Articles tagged with:

  • Group of skydivers falling through the air

    Overcoming pension headaches

    Over recent years we have seen numerous examples of multinational companies making changes to their accounting methods for pension plans and other post-retirement benefits. But that is just one of the many new remedies to which treasurers are turning for relief from their pension headaches these days. In this article, we consider the challenges facing company pension plans, and the skills, knowledge and experience treasurers have to offer in overcoming these challenges.

  • Pension jar full of coins

    Corporate pension schemes lacking integrated risk plan

    Corporate pension trustees and scheme sponsors are starting to work closer together on valuations and investment strategy but many schemes still lack a properly documented integrated risk management plan. A new survey out today reveals the state of the market.

  • Three golden eggs in a nest

    Pension for sale, several thousand careful owners

    The risk of pension liabilities can be removed from the balance sheet with an insurance sector buyout, but an accurate valuation can be very difficult to achieve. A new platform aimed at making the process easier for corporates and insurance companies looking to enter into a buyout has just been launched.

  • Volcano in the Atacama Chile desert

    Pension reform in Chile: retiring the state

    In 1980, Chile’s military government approved a decree that would radically reshape the country’s pensions. The new, fully private system of insurance that was created quickly became an object of envy for other countries, some of whom would go on to attempt similar reforms of their own. How successful was the new system in practice and why, today, are the reforms revered as a landmark, in both the history of welfare policy and finance?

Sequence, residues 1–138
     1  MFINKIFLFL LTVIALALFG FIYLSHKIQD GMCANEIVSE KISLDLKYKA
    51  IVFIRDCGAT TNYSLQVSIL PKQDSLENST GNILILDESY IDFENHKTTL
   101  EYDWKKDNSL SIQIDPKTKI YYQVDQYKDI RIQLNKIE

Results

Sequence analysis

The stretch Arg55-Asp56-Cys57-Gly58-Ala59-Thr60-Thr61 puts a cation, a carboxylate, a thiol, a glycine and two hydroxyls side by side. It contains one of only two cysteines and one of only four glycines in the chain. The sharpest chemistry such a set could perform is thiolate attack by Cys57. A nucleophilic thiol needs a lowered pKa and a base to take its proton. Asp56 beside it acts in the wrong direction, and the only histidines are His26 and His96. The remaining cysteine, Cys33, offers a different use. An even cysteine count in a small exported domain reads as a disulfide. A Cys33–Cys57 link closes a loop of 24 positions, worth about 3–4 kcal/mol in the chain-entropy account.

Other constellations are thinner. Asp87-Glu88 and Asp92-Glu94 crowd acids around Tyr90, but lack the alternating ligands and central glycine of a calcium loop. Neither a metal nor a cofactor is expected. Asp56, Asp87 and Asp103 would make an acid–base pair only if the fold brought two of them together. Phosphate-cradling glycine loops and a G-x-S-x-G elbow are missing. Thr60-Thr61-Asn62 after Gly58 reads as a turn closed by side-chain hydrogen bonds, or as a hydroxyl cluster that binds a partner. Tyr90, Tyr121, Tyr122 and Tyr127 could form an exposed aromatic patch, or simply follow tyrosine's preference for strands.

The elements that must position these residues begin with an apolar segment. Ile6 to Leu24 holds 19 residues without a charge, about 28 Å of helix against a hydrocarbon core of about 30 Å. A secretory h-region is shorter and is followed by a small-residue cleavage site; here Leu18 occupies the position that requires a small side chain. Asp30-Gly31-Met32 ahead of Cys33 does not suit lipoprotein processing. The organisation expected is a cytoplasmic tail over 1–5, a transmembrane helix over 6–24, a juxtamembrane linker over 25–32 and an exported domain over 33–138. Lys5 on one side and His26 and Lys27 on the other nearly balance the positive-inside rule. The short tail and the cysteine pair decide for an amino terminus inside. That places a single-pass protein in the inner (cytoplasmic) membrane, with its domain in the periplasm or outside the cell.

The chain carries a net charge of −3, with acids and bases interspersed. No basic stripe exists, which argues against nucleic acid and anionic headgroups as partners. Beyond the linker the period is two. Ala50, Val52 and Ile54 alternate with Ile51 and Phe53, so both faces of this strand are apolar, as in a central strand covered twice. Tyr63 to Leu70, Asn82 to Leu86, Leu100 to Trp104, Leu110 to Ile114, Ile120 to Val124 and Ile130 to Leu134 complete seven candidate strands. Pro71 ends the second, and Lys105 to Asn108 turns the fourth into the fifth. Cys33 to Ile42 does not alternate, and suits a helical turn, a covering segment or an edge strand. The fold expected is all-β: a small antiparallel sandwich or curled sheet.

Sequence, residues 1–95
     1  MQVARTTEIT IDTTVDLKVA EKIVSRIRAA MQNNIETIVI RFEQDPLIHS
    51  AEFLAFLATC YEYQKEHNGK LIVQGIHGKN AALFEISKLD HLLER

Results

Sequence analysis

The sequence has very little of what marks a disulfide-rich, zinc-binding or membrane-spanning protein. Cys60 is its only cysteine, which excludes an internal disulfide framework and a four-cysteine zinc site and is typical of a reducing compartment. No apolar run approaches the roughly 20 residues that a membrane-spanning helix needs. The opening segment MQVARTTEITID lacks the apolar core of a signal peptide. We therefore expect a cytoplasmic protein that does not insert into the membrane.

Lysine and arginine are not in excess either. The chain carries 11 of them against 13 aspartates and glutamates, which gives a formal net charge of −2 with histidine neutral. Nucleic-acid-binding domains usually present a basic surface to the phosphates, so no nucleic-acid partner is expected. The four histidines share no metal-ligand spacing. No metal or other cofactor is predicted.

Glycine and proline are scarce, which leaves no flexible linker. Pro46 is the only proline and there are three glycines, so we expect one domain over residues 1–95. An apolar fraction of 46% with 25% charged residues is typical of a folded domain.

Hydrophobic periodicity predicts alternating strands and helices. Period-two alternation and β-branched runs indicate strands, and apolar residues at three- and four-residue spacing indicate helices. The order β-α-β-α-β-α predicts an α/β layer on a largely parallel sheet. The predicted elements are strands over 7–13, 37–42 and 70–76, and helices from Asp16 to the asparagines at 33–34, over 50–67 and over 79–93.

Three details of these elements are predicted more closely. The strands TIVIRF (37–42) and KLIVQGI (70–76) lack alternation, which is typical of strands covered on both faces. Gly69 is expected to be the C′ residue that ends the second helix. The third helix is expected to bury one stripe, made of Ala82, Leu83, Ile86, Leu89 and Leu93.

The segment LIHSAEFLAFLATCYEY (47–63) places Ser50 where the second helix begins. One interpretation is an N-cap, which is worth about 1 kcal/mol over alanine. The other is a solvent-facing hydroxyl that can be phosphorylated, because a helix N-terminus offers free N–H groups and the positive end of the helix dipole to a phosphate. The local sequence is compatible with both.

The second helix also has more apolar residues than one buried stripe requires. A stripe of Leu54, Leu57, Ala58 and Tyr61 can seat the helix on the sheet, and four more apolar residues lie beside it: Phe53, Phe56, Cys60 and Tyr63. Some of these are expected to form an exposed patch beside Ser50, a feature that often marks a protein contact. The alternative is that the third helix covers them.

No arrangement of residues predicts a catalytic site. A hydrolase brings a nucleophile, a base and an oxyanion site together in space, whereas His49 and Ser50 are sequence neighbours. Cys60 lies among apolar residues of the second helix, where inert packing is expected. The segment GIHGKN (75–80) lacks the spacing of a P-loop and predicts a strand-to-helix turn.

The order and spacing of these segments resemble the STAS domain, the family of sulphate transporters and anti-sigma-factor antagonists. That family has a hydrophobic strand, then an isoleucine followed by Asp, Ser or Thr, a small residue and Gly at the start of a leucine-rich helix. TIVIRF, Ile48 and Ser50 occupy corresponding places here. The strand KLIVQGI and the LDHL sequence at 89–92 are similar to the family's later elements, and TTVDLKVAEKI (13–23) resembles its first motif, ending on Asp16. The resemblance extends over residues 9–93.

• Falling tower of cards

    Corporate pensions: the treasurer’s balancing act

    In recent years, pensions have not only caused a headache for many corporates but have left a large hole in their balance sheets. Various companies worldwide are now burdened with significant pension deficits, made even more challenging by market volatility and regulatory changes. As a result, the treasury department has been called upon to take a more ‘hands-on’ role in this space.

  • Corporate pensions

    This month’s question

    “What are the main issues preventing companies from reducing their pension deficits? Also, what practical steps can corporates take to begin to tackle these deficits and what should treasurers be doing in this respect?”

  • Old woman counting coins in her hands

    The 100-year plan for pensions

    Taking the uncertainty out of a defined benefit (DB) pension liability seems like a sensible option. One way of doing this is through an insurance buy-out or buy-in. What are the benefits of entering the pension risk transfer market?

  • Old man walking through a country road in autumn

    Demystifying corporate pensions

    The basic concept of a pension fund is simple, but there are many pressures applied to the different scheme-types and these make it a far more complex matter than most would care to tackle. What are the issues?

  • QE: yet another hit for pensions

    When it comes to corporate pensions, any news is bad news at the moment. Many pension funds have long been in deficit, reeling from the increased life expectancy of scheme participants, not to mention market volatility and low interest rates.

  • Mind the gap written on the train station platform

    Pension pains in 2012

    The headache of defined benefit pension schemes is nothing new – but the Eurozone debt crisis has heaped further pressure upon an already challenging matter. As corporate treasurers take an increasingly active role in the area of company pension schemes, they are being confronted with a wide range of issues from lower yielding assets to the impact of pensions on M&A activity.